family. Lack of decent and productive work, if experienced at an early stage of life, often permanently
compromises a person’s future employment prospects. Inability to find decent employment can lead to 
social exclusion, vulnerability and idleness among youth, which may find an expression in anti-social
behaviour. To provide the unprecedented number of job seekers entering the labour market in the
coming years with decent employment prospects, we need to improve our knowledge of which
employment and labour market policies are most effective and commit to implementing them.

The current financial and economic crisis and the preceding spike in food prices have proven a
major setback to our efforts to eradicate poverty, hunger and malnutrition. Targeted investment in
both urban and rural youth is a critical starting point for reducing poverty and achieving the
Millennium Development Goals. It is crucial to provide incentives and capacities for youth to remain
in their rural communities and be actively engaged in the rural economy, both in the agricultural and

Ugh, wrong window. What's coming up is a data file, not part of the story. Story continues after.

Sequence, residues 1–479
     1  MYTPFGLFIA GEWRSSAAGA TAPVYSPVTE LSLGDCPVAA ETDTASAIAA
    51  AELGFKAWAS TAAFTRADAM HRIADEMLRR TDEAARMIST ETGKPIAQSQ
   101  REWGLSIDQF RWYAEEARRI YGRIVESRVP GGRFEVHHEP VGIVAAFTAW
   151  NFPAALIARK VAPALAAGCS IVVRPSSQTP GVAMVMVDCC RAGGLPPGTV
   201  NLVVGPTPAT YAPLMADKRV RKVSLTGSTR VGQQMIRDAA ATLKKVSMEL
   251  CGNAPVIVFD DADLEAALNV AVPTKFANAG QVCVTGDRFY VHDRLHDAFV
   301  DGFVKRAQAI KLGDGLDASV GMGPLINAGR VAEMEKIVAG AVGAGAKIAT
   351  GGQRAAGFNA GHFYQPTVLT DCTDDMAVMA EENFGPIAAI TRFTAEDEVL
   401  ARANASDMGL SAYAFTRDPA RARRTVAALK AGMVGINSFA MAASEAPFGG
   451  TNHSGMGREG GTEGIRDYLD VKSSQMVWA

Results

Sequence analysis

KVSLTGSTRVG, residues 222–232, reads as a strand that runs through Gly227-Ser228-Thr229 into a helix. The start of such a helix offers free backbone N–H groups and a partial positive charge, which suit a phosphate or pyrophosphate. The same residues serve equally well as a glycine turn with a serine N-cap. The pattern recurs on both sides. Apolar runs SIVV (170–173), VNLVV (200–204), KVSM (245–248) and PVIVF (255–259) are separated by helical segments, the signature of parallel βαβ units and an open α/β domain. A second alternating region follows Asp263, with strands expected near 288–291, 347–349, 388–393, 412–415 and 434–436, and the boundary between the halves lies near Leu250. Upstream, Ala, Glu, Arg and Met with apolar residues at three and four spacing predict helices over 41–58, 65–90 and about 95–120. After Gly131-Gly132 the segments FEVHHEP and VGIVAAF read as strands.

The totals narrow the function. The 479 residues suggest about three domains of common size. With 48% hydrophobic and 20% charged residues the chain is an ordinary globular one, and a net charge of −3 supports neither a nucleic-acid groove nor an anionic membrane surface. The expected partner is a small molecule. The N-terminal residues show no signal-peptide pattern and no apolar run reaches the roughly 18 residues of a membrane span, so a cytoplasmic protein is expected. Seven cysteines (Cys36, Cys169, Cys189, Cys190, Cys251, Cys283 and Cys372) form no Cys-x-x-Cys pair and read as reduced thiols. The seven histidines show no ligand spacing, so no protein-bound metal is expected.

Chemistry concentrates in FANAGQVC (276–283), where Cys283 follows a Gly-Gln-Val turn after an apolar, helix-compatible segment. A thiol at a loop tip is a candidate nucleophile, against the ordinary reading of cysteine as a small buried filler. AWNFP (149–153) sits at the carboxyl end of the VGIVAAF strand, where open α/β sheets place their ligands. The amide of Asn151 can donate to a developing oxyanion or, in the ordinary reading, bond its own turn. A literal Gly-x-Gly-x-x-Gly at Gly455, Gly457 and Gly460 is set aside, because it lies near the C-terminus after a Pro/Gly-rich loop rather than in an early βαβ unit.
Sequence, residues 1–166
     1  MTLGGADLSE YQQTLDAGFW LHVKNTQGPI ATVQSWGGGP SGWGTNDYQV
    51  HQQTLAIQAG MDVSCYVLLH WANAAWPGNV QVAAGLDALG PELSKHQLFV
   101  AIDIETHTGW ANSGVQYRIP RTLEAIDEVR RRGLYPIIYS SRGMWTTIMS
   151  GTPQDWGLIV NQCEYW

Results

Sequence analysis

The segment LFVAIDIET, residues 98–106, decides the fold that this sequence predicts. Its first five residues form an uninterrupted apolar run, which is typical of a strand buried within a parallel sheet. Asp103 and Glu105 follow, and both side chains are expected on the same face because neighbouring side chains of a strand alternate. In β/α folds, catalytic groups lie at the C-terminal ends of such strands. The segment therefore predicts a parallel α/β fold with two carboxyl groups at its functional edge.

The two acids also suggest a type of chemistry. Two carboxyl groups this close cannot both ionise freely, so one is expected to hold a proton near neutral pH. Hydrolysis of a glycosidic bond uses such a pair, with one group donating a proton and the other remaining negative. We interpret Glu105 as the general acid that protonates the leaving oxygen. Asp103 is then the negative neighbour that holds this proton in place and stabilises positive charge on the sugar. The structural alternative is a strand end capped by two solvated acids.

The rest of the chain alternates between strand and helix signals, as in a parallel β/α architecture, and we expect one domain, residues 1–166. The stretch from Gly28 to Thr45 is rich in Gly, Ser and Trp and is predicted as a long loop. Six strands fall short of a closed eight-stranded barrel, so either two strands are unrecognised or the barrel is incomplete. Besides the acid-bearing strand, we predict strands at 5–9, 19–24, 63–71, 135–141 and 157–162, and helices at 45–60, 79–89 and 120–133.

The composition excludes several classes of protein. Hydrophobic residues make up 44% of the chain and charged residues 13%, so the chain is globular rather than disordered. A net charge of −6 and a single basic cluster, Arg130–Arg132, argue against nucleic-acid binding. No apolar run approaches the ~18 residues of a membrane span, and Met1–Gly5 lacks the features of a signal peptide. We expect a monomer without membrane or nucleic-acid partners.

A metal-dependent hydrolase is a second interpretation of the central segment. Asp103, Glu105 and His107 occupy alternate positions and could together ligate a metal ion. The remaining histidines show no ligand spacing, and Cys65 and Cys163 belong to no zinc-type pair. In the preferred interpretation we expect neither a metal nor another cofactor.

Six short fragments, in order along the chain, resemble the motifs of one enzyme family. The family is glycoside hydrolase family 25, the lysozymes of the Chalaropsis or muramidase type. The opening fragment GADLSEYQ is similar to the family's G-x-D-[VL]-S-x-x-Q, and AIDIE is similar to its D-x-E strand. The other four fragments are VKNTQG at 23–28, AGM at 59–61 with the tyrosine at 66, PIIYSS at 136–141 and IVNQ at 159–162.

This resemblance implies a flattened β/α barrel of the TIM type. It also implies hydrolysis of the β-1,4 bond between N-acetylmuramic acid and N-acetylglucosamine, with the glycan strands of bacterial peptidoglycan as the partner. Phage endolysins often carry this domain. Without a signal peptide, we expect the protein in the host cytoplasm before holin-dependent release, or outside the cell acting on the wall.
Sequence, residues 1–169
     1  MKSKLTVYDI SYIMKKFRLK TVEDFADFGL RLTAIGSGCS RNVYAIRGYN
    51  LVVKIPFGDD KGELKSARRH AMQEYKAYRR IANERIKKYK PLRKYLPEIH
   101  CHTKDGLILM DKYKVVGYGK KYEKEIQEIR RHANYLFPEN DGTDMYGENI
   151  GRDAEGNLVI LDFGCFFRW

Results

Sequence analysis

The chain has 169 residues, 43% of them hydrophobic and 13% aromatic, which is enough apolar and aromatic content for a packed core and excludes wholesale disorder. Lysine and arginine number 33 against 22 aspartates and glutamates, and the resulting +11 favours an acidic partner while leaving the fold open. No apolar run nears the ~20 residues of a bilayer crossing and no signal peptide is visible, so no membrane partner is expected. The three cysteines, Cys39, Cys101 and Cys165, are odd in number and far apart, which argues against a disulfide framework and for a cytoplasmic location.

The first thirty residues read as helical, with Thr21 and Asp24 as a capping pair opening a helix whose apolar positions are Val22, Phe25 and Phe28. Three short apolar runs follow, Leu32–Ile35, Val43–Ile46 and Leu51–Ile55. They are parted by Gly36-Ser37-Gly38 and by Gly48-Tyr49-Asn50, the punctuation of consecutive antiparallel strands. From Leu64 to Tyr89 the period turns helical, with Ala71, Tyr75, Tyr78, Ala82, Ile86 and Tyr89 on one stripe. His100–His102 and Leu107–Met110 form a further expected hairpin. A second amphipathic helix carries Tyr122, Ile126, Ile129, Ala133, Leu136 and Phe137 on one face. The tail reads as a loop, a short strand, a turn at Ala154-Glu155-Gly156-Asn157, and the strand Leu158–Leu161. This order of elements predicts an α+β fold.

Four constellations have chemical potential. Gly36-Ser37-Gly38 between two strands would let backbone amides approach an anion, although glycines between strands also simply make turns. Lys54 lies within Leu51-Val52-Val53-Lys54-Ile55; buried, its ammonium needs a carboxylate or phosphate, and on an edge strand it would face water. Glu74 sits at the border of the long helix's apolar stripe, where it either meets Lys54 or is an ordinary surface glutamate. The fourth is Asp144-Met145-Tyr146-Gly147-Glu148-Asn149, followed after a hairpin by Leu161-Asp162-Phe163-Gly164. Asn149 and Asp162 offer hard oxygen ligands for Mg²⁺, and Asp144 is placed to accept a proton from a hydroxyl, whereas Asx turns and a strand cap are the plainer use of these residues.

non-farm sectors. Stronger urban-rural linkages should also be created in order for young people to
obtain access to markets and decent work opportunities.

Related to the issue of urbanization and the abandonment of the rural settings is the deterioration
and exploitation of the natural environment. Young people are already imagining more sustainable
lifestyles and their involvement in protecting the environment, be it in climate change mitigation and
adaptation, the fight against desertification, or the management of forests, is critical to ensure
sustainable development for future generations. In this regard, the active participation of youth in the